[libvirt] [RFC PATCH 7/8] qemu: Prepare basic APIs to handle invalid defs
Daniel P. Berrange
berrange at redhat.com
Tue Oct 6 13:41:42 UTC 2015
On Tue, Oct 06, 2015 at 03:35:36PM +0200, Michal Privoznik wrote:
> On 22.09.2015 15:17, Daniel P. Berrange wrote:
> > On Tue, Sep 22, 2015 at 03:12:14PM +0200, Martin Kletzander wrote:
> >> On Tue, Sep 22, 2015 at 01:48:01PM +0100, Daniel P. Berrange wrote:
> >>> On Tue, Sep 22, 2015 at 02:15:53PM +0200, Martin Kletzander wrote:
> >>>> In order for the user to be able to fix broken domains function
> >>>> qemuDomainGetXMLDesc() needs to be able to lookup invalid domain
> >>>> definitions and handle them properly. When redefined, function
> >>>> qemuDomainDefineXMLFlags() must clear the 'invalid XML' reason. As a
> >>>> nice addition, qemuDomainGetState() can lookup such domains without any
> >>>> other change and that allows virsh not only to get their status, but
> >>>> also to list them.
> >>> Hmm, that's an interesting approach to the problem. I wonder though
> >>> if we could do things slightly differently such that we don't need
> >>> to change so many APIs.
> >>> eg, just have a 'bool error' field in virDomainDefPtr. When loading
> >>> the XML fails, populate a virDomainObjPtr/DefPtr as normal, but set
> >>> the error field. Now we merely need to change the qemuDomainStart
> >>> method, so it refuses to launch a VM with the 'error' flag set. All
> >>> the other APIs could be essentially unchanged. Sure it would not
> >>> be useful to allow things like virDomainAttachDevice, etc on such
> >>> broken domains, but for sake of simplicity we can avoid touching
> >>> all the methods except start.
> >> To be honest, I'm a afraid that we might forget some API that needs to
> >> be blocked as well. And we would have to go through all the APIs just
> >> to see whether it accesses something that might be missing. Moreover,
> >> how would you decide what to skip at each error during parsing? If,
> >> for example, the <numatune> has some faulty attribute in one
> >> subelement should we skip all the elements or just the one or just
> >> skip that one particular attribute? We would also not format the
> >> faulty attribute to the XML being dumped, so the user wouldn't see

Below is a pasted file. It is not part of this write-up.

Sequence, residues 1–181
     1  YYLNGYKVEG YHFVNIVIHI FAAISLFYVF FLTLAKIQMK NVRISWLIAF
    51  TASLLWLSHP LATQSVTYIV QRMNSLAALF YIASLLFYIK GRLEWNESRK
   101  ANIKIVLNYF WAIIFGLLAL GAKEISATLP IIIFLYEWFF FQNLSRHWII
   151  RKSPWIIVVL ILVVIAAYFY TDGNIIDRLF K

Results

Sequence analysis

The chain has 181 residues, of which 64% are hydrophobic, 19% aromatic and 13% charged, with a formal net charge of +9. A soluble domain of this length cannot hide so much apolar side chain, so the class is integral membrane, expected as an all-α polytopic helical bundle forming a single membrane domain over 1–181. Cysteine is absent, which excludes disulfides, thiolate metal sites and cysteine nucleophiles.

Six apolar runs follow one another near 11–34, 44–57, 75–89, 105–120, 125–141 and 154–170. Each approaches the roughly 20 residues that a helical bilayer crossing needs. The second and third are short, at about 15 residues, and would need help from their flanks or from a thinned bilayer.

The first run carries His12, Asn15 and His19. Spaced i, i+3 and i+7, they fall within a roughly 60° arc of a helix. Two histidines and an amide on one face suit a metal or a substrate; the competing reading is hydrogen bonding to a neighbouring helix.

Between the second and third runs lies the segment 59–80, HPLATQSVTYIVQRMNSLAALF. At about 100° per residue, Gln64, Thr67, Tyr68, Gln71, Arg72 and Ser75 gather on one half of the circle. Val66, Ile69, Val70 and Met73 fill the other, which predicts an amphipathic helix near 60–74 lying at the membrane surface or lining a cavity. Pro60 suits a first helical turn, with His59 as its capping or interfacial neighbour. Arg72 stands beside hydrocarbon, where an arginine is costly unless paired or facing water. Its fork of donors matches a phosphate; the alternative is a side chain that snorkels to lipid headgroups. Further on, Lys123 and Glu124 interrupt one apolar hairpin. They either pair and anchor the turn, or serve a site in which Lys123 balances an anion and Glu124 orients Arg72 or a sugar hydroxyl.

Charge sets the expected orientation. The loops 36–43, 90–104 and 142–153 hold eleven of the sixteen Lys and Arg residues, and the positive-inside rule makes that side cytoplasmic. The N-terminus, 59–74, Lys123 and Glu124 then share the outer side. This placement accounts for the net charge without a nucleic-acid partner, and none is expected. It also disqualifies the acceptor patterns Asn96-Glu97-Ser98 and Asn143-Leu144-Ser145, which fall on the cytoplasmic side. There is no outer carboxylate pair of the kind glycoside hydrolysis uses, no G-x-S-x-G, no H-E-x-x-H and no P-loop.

> >> what's missing, which is even worse when there are two problems and
> >> they fix only one, so we skip the other one.
> > Oh, I wasn't suggesting changing the parser. I just mean that we would
> > create a virDomainDefPtr instance which only contains the name and
> > UUID, and ID field (if the guest is running from domain status XML).
> > We'd leave all the rest of the config blank - our code ought to be
> > able to deal with that, since essentially all config is optional
> > aside from the name/uuid anyway.
> So if I understand it correctly, if there's an error during XML parsing,
> we would:
> virDomainDefFree(def); /* becasue @def is parsed just partially */
> def = virDomainDefNewFull(name, uuid, -1);
> def->error = true; /* or something */
> But where would be the original (invalid) XML be stored? We don't want
> to lost it. I rather prefer to giving it back to the user (in dumpXML
> api) and thus giving him chance to fix the problem that caused error in
> the first place. Otherwise this seems pointless to me.
Hmm, good point.
> And I don't expect that many APIs need fixing. It's just a few of them
> that should work with broken XML: dumpXML and probably GetState (so that
> we can report domain is shut off due to invalid XML).
I don't feel particularly strongly about the approach, so if you want
to go the route you originally described its fine.
BTW, I guess we want this for all object types, not just domains. ie
storage, network, etc.
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